Directed by Brad Rondeau Show Dates: June 8, 9 and 10, 2018
Join us this Summer in the Pinckney Town Square for our next adventure in the world of William Shakespeare.
CONGRATULATIONS to our wonderful cast!!!
Olivia - Danielle Henry Duke Orsino - Rick Staton Viola - PJ Sallans Sebastian - Aaron Haack Lady Belch - Gillian Blazkowski Lady Andrew - Dana Blazkowski Fabia - Alyssa Friday Maria - Elizabeth Kingsley Feste (Clown) - Gabrielle Theis Marvolio - Brad Rondeau Antonia - Belle Howard Captain (Midshipmen) - Jimmy Wirt Curia - Pat Corr Valentina - Kate Murphy Priest - Karl Blazkowski 1st Officer (Pirate) - Christine Schoendorff 2nd Officer (Pirate) - Stephanie Heslip Servant - Karly Blazkowski
“If music be the food of love play on”!. That is the opening line to this topsy turvy play by William Shakespeare, “Twelfth Night”. "Twelfth Night" is a reference to the twelfth night after Christmas Day, called the Eve of the Feast of Epiphany. It was originally a Catholic holiday and therefore, like other Christian feast days, an occasion for revelry. Servants often dressed up as their masters, men as women and so forth. This history of festive ritual and Carnivalesque reversal, based on the ancient Roman festival of Saturnalia at the same time of year (characterized by drunken revelry and inversion of the social order; masters became slaves for a day, and vice versa), is the cultural origin of the play's gender confusion-driven plot. The actual Elizabethan festival of Twelfth Night would involve the antics of a Lord of Misrule, who before leaving his temporary position of authority, would call for entertainment, songs and mummery; the play has been regarded as preserving this festive and traditional atmosphere of licensed disorder. This leads to the general inversion of the order of things, most notably gender roles.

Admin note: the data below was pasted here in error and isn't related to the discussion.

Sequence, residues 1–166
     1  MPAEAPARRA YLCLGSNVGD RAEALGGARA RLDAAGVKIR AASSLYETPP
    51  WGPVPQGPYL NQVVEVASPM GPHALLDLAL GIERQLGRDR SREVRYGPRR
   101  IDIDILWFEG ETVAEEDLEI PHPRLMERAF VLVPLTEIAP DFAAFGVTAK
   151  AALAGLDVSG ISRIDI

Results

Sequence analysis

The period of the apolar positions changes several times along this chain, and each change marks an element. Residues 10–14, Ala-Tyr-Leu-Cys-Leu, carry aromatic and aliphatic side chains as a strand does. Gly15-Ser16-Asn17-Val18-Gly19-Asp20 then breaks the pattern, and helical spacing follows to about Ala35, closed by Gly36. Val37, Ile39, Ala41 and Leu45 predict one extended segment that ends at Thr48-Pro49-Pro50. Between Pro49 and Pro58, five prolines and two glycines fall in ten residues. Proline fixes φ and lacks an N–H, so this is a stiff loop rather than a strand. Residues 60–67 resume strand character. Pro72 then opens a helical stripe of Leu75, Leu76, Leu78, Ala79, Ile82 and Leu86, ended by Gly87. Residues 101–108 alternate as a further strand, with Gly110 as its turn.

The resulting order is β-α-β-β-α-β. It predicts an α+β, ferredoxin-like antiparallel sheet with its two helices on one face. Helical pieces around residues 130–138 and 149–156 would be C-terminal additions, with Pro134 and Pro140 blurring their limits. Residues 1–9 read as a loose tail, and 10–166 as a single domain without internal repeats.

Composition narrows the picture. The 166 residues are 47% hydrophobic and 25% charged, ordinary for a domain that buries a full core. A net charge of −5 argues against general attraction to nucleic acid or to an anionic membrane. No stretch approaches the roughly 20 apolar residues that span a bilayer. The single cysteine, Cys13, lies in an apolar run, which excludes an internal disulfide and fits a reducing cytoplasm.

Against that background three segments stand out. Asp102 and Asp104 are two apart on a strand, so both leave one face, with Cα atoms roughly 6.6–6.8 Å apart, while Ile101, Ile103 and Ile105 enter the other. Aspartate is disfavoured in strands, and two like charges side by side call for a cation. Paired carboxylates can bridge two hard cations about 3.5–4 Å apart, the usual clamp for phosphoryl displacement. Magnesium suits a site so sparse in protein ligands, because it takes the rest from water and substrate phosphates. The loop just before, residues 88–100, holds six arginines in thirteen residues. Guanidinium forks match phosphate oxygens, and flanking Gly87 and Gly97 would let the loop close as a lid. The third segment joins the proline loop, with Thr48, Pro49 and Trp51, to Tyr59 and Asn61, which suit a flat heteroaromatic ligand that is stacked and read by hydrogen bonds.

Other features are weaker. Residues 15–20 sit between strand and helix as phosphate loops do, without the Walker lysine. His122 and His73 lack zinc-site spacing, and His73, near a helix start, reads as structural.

Viola is shipwrecked on the coast of Illyria and she comes ashore with the help of a Captain. She has lost contact with her twin brother, Sebastian, whom she believes to be drowned. With the aid of the Captain, she disguises herself as a young man under the name Cesario and enters the service of Duke Orsino. Duke Orsino has convinced himself that he is in love with Olivia, who is mourning the recent deaths of her father and brother. She refuses to see entertainments, be in the company of men, or accept love or marriage proposals from anyone, the Duke included, until seven years have passed. Duke Orsino then uses 'Cesario' as an intermediary to profess his passionate love before Olivia. Olivia, however, falls in love with 'Cesario', setting her at odds with her professed duty. In the meantime, Viola has fallen in love with the Duke Orsino, creating a love triangle among Duke Orsino, Olivia and Viola: Viola loves Duke Orsino, Duke Orsino loves Olivia, and Olivia loves Viola disguised as Cesario. In the comic subplot, several characters conspire to make Olivia's pompous steward, Malvolio, believe that Olivia has fallen for him. This involves Olivia's riotous uncle, Sir Toby Belch; another would-be suitor, a silly squire named Sir Andrew Aguecheek; her servants Maria and Fabian; and her melancholy fool, Feste. Sir Toby and Sir Andrew engage themselves in drinking and revelry, thus disturbing the peace of Olivia's household until late into the night, prompting Malvolio to chastise them. Sir Toby famously retorts, "Dost thou think, because thou art virtuous, there shall be no more cakes and ale?" (Act II, Scene III). Sir Toby, Sir Andrew, and Maria plan revenge on Malvolio. They convince Malvolio that Olivia is secretly in love with him by planting a love letter, written by Maria in Olivia's handwriting. It asks Malvolio to wear yellow stockings cross-gartered, to be rude to the rest of the servants, and to smile constantly in the presence of Olivia. Malvolio finds the letter and reacts in surprised delight. He starts acting out the contents of the letter to show Olivia his positive response. Olivia is shocked by the changes in Malvolio and leaves him to the contrivances of his tormentors. Pretending that Malvolio is insane, they lock him up in a dark chamber. Feste visits him to mock his insanity, both disguised as a priest and as himself. Meanwhile, Viola's twin, Sebastian, has been rescued by Antonio, a sea captain who previously fought against Orsino yet who accompanies Sebastian to Illyria, despite the danger, because of their friendship. Sebastian's appearance adds the confusion of mistaken identities to the comedy. Taking Sebastian for 'Cesario', Olivia asks him to marry her, and they are secretly married in a church. Finally, when 'Cesario' and Sebastian appear in the presence of both Olivia and Orsino, there is more wonder and confusion at their physical similarity. At this point, Viola reveals her identity and is reunited with her twin brother. The play ends in a declaration of marriage between Duke Orsino and Viola, and it is learned that Sir Toby has married Maria. Malvolio swears revenge on his tormentors and stalks off, but Orsino sends Fabian to placate him.